Having said that, his new skill of dressing himself is apparently here to stay, which has pretty much revolutionised our morning routine. The only problem is that after four years of delighting in dressing him in carefully chosen co-ordinating outfits, I now have to smile sweetly at whatever crazy outfit he's chosen each day. Today it was red MUFC socks, grey joggers, a long-sleeved russet t-shirt, and a navy-blue knitted tank top with Postman Pat on it! Aaargh! Thankfully we didn't have to go out today!

Birdy weighed in at nearly 12lbs this week, thus justifying all the huffing and puffing I'm doing when carrying her around in the car seat.

Friday, February 20, 2015

A Rolling Stone

If you've been following along, you'll know that the dreaded swimming lesson has loomed large in mine and OB's lives over the past, well, around 15 months now. You might have read about our rocky start here. We didn't start out with high hopes, to be fair, as I knew that OB's deep-seated terror of water would be a major inhibiting factor. It's a legacy of his past. I don't know what happened at that overnight contact at his birth mum's when he was only just a year old, but I noted in my foster carer's log that he suddenly became terrified of going in the bath, and he's been struggling with that terror ever since.

So, yeah, I didn't expect quick progress, but it's been, frankly, glacial. They start them out with three circular floats on each arm and remove them one by one as their swimming gets stronger. Eventually, when they can confidently swim widths without flotation aids, front and back, then they are promoted from red hats class to orange hats class. I know that it can take lots of children over a year to graduate from the red hats. We have been going for longer than that, and OB has gone from three armbands to two. The nirvana of orange hats class seems very far away at this point!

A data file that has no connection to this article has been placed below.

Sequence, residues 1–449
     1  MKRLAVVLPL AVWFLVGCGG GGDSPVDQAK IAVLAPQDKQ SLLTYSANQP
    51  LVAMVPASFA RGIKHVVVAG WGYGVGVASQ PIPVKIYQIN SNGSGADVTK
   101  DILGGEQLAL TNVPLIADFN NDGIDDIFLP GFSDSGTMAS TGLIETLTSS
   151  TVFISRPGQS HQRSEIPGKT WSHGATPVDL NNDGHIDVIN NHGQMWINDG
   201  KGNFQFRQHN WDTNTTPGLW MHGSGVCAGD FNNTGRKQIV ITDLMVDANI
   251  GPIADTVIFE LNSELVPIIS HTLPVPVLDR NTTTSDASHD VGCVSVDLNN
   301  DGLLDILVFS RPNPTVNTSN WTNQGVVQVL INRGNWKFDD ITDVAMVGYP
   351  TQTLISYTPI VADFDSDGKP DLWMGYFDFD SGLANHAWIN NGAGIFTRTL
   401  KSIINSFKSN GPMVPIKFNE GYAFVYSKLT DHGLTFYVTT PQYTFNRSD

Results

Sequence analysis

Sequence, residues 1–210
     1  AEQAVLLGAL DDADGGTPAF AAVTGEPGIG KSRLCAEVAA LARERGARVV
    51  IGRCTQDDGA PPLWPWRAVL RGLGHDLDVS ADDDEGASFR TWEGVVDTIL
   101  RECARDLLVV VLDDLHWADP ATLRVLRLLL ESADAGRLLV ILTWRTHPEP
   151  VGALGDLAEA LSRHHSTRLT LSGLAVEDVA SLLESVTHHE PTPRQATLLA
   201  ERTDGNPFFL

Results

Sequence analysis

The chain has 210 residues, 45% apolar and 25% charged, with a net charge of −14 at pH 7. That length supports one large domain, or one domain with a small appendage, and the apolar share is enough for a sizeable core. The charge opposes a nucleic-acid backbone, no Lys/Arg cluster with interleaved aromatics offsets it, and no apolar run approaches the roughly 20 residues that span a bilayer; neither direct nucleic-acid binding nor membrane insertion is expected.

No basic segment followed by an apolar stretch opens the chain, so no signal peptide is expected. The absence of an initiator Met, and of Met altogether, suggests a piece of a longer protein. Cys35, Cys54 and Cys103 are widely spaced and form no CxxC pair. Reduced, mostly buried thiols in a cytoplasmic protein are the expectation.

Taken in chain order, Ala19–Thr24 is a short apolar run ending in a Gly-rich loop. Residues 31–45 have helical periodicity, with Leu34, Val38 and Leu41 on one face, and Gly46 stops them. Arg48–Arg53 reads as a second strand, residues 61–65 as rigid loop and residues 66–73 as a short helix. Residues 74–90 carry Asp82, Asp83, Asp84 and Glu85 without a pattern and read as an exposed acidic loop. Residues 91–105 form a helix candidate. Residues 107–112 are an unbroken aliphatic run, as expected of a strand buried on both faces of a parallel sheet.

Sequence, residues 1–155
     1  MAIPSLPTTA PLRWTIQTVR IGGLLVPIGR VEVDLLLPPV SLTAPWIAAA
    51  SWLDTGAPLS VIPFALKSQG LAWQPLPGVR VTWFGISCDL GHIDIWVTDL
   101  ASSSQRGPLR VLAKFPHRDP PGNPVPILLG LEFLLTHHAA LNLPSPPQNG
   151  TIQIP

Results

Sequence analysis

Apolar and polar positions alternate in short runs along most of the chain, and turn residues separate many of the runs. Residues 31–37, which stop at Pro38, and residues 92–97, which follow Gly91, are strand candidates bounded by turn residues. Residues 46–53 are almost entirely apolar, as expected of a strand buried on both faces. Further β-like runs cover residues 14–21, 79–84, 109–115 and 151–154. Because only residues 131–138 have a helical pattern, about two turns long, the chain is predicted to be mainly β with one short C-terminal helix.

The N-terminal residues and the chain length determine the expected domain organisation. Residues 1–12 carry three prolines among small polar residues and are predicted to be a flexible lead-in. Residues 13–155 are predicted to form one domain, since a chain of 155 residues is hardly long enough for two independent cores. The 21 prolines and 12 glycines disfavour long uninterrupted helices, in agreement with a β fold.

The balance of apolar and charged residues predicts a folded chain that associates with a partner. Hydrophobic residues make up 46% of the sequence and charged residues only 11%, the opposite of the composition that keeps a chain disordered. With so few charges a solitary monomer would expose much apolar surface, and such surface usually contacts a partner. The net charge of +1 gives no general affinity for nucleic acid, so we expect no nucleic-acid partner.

Every half term, the leisure centre runs daily intensive courses for learner swimmers. It's not easy to find out about these courses as they don't seem to be advertised at all, and it's even harder to actually get your child a place, but this half term I managed it, and so OB has been swimming every morning for five days. It's been a 'two birds with one stone' sort of event as not only was I hoping to help OB with his swimming (after all, it's hard to make progress at anything on only one half-hour lesson per week) but also it filled every morning of the void that is half term with a meaningful activity which doesn't involve any paint or glue. Win-win!

And it's been amazing. By the second day, OB was trying out a load of new skills, including swimming on his back without the teacher holding him, and the longed-for moment where he let go of the side himself, first on his front and then on his back! Previously he has demanded teacher support before he would move a millimetre from the safety of the poolside. He has swum through the hoop twice, which has involved putting his whole face under the water, and, today, he attempted to float on his back. He couldn't really do it, but he attempted it! For his final width of the day, the teacher removed one of his arm floats and he swam all the way across with only one float on each arm. I don't mind saying, my eyes filled up!